However, the FCC ruling changes everything, essentially stating that this can no longer be done! An emergency fund cannot be filled up with “debt brake neutral” outflows in the future. Instead, in 2024, the Bundestag can only decide on the budget for the fiscal year 2024, but nothing more.

What does this mean for our flooding example? When the emergency is invoked in December 2024, assume you spend 10 billion euros right away on money handouts, while the remaining 40 billion euros should ideally go to repairs/investment in equal portions of 10 billion euros over the next four years. Under the new rules after the court’s decision, the emergency must be reconsidered and reinstated in every consecutive year. In 2025, you would have to remind yourself of the flood, the initial damage estimate, and then release the 10 billion euros needed to address it. The same applies in 2026, 2027, 2028.

Now, imagine the discussions we will have each year from 2025-28: “Hold on, the emergency was in 2024! There is no emergency anymore” (this point is perhaps not made directly in 2025, but certainly by 2028). “Anyway, it’s just 10 billion! It’s not significant in an overall federal budget of 450 billion. We have to cover it by cutting something else” (subtext: preferably social spending).

Declaring a retrospective emergency is a daunting task in a world of inconsistent, short-sighted individuals when memory of the initial emergency fades away. You can see where my argument is heading. The new rules set by the court will lead to:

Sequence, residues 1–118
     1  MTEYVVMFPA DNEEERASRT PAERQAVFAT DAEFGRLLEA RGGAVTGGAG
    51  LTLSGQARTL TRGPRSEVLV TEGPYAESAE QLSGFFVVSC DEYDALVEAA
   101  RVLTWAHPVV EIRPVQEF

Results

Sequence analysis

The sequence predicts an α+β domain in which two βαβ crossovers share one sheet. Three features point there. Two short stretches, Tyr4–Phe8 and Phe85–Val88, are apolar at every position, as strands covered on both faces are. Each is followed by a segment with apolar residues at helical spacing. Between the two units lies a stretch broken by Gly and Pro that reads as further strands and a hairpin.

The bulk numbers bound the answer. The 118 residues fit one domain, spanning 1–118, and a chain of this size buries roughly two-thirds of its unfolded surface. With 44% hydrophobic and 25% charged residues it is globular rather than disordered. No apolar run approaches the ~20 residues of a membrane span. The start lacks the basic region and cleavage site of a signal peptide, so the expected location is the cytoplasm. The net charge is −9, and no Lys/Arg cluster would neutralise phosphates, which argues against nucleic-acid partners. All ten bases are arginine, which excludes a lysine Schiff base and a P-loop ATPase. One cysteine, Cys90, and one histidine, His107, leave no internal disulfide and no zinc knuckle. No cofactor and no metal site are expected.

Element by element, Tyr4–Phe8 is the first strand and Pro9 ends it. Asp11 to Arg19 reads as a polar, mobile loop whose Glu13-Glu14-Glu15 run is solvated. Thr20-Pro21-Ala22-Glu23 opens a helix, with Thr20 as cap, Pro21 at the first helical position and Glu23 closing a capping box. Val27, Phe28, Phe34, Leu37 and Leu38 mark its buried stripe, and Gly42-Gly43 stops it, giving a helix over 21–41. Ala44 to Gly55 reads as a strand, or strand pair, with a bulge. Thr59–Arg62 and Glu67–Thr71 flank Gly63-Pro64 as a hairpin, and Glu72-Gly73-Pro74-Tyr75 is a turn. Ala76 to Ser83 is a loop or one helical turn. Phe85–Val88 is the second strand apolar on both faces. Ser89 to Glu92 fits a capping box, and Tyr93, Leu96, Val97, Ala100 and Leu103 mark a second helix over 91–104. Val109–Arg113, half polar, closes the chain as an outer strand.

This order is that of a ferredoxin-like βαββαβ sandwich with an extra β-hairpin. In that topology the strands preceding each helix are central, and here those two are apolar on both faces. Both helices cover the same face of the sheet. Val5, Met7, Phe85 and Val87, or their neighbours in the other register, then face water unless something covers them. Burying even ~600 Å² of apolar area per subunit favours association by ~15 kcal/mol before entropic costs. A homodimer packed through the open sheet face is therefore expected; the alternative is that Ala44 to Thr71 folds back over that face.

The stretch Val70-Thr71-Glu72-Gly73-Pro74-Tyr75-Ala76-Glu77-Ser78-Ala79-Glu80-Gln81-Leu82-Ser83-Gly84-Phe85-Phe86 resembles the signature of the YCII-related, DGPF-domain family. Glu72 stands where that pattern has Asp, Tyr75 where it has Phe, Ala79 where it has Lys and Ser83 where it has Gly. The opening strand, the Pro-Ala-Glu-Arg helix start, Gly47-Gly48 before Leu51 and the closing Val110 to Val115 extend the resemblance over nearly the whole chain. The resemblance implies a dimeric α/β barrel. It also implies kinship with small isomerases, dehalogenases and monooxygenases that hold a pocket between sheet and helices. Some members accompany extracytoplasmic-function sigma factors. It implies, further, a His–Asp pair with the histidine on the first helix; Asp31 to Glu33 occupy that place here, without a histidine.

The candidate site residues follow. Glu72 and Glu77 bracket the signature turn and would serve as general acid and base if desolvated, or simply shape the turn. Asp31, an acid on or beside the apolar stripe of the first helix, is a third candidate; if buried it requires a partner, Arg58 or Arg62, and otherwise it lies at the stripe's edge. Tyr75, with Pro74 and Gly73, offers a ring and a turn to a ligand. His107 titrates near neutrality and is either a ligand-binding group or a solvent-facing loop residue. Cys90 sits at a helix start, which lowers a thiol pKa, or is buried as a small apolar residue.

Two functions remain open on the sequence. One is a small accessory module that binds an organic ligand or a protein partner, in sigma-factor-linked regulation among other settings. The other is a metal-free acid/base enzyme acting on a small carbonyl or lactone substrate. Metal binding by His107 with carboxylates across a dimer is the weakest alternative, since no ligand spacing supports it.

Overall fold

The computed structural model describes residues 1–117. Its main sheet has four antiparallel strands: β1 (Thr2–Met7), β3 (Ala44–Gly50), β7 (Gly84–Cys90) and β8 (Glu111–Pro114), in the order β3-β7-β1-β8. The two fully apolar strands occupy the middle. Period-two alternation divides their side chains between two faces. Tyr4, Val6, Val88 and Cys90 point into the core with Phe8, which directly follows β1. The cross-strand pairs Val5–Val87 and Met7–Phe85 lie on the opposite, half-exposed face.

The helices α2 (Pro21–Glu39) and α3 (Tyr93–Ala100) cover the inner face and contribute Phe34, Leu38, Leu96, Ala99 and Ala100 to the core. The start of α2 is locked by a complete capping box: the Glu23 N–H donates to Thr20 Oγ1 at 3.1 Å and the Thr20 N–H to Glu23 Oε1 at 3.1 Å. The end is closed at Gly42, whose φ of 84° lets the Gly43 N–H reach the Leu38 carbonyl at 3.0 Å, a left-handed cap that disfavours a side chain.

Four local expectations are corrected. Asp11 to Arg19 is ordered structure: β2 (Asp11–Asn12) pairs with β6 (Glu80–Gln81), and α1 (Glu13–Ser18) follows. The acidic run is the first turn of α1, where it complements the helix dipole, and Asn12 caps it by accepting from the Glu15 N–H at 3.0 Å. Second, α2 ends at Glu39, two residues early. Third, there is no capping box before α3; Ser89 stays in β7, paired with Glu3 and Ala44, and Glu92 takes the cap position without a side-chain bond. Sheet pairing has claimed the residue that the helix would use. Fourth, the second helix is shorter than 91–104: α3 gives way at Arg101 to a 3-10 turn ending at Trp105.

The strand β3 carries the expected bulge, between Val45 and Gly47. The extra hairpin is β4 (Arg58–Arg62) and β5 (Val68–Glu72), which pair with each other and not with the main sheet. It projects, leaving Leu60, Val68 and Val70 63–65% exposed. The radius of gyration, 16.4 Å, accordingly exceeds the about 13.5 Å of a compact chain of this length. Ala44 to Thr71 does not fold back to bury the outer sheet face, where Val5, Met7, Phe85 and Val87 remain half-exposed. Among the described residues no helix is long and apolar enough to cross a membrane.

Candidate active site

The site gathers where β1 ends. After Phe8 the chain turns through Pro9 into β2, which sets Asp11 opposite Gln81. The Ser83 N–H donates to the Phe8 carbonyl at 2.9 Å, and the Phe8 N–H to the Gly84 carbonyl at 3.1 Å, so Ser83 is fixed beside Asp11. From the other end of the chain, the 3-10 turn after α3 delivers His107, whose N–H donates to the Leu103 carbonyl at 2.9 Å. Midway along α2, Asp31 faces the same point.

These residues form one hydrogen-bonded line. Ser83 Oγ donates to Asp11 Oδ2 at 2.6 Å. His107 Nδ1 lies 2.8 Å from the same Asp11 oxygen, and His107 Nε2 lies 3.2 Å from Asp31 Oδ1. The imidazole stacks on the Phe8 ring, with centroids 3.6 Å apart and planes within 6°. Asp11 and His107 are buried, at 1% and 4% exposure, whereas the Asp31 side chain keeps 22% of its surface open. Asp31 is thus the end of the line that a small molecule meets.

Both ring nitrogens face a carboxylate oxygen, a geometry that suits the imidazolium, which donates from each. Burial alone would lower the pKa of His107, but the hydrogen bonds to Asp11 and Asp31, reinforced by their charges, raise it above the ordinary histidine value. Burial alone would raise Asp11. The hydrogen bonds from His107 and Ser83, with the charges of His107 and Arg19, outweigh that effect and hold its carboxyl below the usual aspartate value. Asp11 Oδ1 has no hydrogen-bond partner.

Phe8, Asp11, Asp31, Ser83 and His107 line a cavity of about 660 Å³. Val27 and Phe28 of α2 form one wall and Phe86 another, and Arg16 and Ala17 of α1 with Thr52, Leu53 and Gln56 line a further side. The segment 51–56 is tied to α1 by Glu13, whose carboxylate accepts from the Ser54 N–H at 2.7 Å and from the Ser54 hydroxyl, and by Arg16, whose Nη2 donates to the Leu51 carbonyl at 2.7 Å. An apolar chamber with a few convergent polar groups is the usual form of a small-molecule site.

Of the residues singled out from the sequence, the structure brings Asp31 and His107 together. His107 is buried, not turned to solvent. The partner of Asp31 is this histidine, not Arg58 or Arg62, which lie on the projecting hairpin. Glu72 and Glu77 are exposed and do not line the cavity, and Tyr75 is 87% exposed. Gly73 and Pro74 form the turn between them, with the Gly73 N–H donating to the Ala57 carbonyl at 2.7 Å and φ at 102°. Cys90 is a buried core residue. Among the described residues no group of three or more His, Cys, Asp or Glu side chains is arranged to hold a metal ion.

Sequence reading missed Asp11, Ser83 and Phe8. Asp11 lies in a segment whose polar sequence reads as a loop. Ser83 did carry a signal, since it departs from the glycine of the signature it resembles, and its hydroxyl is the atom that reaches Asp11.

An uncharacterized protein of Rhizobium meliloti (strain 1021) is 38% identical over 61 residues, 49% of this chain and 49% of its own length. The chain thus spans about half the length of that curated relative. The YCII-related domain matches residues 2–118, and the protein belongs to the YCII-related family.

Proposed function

1. Frontloading/Consumptive bias: in future emergencies, the government will resort to distributing cash handouts as quickly as possible, avoiding long-term investments and all the associated problems.
  2. Built-in austerity: The later parts of the overall damage caused by the disaster, the 50 billion euros, are forgotten or refinanced by cuts.

And now imagine a world with multiple crises occurring in a short time period, with several emergency funds of varying sizes and maturities, and numerous decisions of “budget extensions” (debt issuance not counted under the debt brake) to be made each year. The tragedy is, none of this would be necessary, because the old set of rules was economically appropriate.

Of course, you could argue that it could lead to reckless government behavior. Why just park 50 billion euros? Why not 100 billion euros just in case? But that argument does not hold water. For every emergency, the government would have to provide a compelling calculation for the size of the emergency fund, and the opposition could always challenge that in court. Besides, the old rules were also superior from a commitment perspective. The emergency fund had a supplementary expenditure plan, which informed investors how much would be spent on what and in which year. Of course, none of that was set in stone. Future governments could change it, but at least there was some level of commitment.